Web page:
If you’re looking to escape the city centre, then take a stroll along the Salthill Promenade. Located an easy 20 minutes walk from the historic centre, the promenade runs along Galway Bay.
You can gaze out over the rough seas of the Atlantic, while you enjoy fish and chips or a drink overlooking the ocean.
Another iconic sight in the city, is the Galway Cathedral. This grand church is the centre of the Catholic religion in Galway, and the large dome forms an integral part of the skyline.
The cathedral is actually relatively new – especially considering Galway’s rich medieval heritage – and only dates back to the mid 20th century.
What to eat in Galway
Galway has an excellent culinary scene, and in the city you can find a range of both local and international restaurants serving up both traditional and fusion food.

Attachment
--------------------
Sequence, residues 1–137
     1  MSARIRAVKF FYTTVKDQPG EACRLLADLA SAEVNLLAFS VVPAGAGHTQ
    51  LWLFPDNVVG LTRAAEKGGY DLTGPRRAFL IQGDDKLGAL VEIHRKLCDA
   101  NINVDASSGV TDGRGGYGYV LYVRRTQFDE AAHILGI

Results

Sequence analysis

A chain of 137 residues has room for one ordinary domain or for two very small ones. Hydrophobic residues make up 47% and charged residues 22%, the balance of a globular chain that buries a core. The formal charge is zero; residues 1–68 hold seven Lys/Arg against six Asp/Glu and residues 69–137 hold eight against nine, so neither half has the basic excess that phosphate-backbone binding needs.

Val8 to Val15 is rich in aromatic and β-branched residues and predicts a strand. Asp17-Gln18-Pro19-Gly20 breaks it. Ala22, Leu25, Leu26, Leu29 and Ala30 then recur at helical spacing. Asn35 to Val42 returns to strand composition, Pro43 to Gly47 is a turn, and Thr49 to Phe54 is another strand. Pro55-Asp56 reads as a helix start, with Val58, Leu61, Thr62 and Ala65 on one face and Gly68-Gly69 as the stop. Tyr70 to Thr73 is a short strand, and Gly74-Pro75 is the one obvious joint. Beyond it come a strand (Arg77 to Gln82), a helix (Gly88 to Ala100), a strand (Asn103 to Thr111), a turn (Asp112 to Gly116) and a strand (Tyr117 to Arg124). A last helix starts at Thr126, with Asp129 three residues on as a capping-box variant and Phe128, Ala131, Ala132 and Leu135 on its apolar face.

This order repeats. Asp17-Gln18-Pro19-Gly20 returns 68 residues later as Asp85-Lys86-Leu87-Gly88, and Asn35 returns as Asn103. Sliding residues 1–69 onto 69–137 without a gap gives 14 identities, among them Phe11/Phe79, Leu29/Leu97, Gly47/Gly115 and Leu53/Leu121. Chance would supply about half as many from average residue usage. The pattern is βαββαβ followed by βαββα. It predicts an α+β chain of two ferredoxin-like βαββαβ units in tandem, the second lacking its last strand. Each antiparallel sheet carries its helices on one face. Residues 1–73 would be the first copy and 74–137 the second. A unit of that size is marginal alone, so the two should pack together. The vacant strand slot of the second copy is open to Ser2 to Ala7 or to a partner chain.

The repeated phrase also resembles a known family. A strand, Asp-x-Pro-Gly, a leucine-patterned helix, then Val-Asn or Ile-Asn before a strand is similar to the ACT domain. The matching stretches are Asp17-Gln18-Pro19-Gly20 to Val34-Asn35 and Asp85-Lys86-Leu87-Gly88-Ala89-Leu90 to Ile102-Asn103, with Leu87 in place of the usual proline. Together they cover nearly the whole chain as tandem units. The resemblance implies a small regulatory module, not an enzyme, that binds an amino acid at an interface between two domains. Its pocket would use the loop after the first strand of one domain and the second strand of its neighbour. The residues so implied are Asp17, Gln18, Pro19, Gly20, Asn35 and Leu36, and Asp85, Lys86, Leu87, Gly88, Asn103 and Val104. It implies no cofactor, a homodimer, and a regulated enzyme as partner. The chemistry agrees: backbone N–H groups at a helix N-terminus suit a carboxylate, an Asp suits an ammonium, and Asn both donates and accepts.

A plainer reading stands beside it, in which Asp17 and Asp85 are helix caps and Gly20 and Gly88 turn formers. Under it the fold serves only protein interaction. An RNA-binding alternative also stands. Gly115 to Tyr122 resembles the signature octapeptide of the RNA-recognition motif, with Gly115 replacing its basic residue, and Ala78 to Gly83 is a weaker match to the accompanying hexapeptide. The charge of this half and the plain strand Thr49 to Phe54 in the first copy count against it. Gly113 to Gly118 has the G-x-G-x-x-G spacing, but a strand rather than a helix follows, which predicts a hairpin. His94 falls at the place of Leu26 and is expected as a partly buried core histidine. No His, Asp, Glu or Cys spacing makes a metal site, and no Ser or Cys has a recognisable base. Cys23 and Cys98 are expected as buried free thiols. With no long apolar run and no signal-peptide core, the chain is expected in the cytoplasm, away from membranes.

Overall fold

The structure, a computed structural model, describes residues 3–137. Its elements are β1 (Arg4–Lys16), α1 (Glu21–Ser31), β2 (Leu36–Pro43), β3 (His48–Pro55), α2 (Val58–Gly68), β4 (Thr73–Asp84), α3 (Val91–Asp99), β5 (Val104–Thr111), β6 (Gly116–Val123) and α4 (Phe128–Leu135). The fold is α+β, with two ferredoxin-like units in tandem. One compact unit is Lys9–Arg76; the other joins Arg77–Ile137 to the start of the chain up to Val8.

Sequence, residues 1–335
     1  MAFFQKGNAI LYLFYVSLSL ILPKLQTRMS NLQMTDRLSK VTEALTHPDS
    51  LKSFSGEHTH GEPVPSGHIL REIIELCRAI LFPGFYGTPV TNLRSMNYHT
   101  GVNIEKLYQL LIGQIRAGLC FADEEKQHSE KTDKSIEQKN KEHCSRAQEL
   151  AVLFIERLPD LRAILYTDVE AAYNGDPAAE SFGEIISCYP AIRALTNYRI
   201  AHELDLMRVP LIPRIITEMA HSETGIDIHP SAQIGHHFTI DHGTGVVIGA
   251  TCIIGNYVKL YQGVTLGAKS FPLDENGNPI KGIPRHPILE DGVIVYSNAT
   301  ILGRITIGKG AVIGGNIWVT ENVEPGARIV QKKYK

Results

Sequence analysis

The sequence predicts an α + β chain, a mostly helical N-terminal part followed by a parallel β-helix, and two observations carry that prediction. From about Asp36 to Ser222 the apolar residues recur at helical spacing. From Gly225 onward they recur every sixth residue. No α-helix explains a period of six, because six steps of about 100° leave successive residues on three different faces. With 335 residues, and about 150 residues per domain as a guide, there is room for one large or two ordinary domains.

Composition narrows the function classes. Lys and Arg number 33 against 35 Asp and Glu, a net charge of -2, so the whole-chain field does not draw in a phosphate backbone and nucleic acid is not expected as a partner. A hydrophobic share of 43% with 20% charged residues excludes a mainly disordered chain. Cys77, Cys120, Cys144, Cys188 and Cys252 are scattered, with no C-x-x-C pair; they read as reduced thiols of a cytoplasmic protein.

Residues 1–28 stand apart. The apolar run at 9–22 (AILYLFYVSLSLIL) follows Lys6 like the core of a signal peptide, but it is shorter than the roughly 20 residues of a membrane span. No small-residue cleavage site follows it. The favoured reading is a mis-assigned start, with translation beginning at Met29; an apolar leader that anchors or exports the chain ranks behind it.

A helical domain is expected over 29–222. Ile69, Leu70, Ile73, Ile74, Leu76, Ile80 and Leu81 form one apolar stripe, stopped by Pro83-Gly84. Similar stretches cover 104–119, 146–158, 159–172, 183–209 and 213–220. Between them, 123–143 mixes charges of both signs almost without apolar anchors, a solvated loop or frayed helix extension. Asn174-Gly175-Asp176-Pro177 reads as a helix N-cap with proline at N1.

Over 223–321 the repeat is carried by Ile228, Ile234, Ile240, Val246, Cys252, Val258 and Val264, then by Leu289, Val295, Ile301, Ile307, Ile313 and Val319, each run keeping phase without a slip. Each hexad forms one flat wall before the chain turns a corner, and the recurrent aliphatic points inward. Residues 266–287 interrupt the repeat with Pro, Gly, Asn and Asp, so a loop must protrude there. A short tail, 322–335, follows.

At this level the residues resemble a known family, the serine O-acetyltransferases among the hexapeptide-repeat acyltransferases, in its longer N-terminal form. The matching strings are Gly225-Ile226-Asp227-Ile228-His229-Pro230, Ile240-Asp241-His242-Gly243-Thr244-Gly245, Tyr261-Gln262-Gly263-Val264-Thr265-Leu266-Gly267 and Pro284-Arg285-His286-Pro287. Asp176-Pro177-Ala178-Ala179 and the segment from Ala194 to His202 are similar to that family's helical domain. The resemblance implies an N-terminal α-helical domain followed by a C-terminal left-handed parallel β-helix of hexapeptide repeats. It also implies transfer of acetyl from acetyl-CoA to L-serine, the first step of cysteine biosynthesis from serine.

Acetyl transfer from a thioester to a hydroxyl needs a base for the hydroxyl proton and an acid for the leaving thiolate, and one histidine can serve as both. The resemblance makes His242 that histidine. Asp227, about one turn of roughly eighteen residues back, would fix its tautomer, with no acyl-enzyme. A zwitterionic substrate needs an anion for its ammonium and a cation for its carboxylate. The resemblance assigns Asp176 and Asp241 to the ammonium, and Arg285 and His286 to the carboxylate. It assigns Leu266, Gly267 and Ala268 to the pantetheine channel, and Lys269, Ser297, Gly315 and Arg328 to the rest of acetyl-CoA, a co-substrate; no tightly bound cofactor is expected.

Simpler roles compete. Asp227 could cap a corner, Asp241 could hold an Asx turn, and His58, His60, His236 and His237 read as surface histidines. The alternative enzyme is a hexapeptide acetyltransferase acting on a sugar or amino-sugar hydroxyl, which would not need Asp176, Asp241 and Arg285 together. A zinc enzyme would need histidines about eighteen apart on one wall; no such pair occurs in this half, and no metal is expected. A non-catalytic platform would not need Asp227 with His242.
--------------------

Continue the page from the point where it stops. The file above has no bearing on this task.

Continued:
The city is best known for its seafood – it is located on the Atlantic Ocean, after all – and in particular Galway has an exceptional reputation for shellfish. Galway Oysters are famed across the country, and if you try one dish in the city, make it this one.
Fish and Chips – of the deep fried variety, of course – is common to find in the pubs, as are more hearty Irish dishes such as Irish Stew and, for breakfast, a Full Irish.
On weekends, head to Church Lane, where you can find a bustling local market dedicated mostly to food. Here you’ll find a fantastic selection of street food and eats from around the world, ranging from curries to kebabs.
Where to stay in Galway
Galway has a great range of accommodation, from hostels through to charming bed and breakfasts, boutique hotels, Airbnb is also a great option for short or long stays. In peak season and over any school holidays, the best accommodation can get snapped up quickly, so book in advance where possible, especially in summer and over Christmas.
Hostels – Galway City Hostel is a great choice for solo travellers, as the hostel has a lively bar, hosts live music nights and is a great place to meet people. Barnacles Quay Street Hostel is another lively offering in the city, with live music nights and lots of partying.